Magazine article New Statesman (1996)

Time for a Change? New Technology Demands New Tactics from Free Speech Campaigners, Writes Becky Hogge

Magazine article New Statesman (1996)

Time for a Change? New Technology Demands New Tactics from Free Speech Campaigners, Writes Becky Hogge

Article excerpt

In the second edition of The Road Ahead (the first edition of his book famously ignores the internet almost completely), Bill Gates predicted that the interactive world would change human culture as dramatically as Johannes Gutenberg's press had done in the Middle Ages. The comparison has been drawn ever since--though it is usually made with little thought. The spread of printed materials led to secularism, individualism, rationalism. These are all good things, so the logic usually goes, so we can expect good things from the information superhighway, too.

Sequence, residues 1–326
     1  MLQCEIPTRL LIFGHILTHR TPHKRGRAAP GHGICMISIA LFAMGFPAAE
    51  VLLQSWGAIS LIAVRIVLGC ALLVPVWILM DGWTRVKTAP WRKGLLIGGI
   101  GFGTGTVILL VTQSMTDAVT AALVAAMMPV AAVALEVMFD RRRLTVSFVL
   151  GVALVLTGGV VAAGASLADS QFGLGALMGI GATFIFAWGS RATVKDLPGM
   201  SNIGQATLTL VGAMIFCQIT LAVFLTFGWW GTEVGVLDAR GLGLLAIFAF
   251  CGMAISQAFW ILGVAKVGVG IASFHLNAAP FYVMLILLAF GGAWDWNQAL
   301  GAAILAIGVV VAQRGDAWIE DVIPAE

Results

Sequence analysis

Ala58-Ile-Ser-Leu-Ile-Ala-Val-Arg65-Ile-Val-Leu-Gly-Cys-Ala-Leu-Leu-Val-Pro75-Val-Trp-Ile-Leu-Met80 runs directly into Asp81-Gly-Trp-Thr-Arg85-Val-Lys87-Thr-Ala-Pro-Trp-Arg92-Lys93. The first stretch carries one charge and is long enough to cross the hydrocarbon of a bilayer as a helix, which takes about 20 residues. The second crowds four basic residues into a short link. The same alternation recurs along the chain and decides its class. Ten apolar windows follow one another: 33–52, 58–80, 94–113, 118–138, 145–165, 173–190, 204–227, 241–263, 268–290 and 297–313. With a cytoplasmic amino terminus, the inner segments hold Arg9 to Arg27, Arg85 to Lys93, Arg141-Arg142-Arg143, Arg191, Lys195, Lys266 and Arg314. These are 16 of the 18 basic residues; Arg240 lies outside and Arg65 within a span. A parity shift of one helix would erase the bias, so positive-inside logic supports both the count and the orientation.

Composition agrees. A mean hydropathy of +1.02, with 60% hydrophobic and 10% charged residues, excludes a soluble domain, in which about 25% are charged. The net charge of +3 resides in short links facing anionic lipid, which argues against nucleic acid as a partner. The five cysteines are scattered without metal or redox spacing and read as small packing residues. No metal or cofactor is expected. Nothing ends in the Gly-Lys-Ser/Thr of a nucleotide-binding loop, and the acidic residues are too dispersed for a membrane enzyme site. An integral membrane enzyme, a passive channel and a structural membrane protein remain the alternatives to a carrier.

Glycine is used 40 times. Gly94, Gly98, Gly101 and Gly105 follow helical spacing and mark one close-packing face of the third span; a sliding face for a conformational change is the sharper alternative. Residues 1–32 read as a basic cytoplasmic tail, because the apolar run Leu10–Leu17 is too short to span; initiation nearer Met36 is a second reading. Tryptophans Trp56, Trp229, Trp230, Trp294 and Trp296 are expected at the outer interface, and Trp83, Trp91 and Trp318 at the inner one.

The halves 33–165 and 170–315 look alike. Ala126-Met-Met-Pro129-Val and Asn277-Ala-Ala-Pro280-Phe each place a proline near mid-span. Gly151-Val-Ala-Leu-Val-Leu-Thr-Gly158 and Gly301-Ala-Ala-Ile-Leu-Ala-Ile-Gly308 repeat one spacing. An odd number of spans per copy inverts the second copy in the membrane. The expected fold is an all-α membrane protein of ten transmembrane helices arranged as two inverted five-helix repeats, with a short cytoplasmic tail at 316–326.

But, as Ithiel de Sola Pool wrote in his 1983 work Technologies of Freedom, "Repression is in fact most likely not before a technology of liberation comes along, but only afterward, when the powers that be are challenged by the beginnings of change." And so, if you look a little closer, you will see that today's norms of free expression were established during the intellectual and political struggle for the freedom of Gutenberg's printing press. This is a struggle that lasted for centuries: modern ideas of "prior restraint", for example, date from Areopagitica, John Milton's 1644 polemic protesting to parliament about censorship laws.

Should those who battle for rights to freedom of expression in the offline world be worried? Perhaps. As networked communications develop, they are likely to spur similar attempts at repression, and could even lead to the regression of free-expression norms. …

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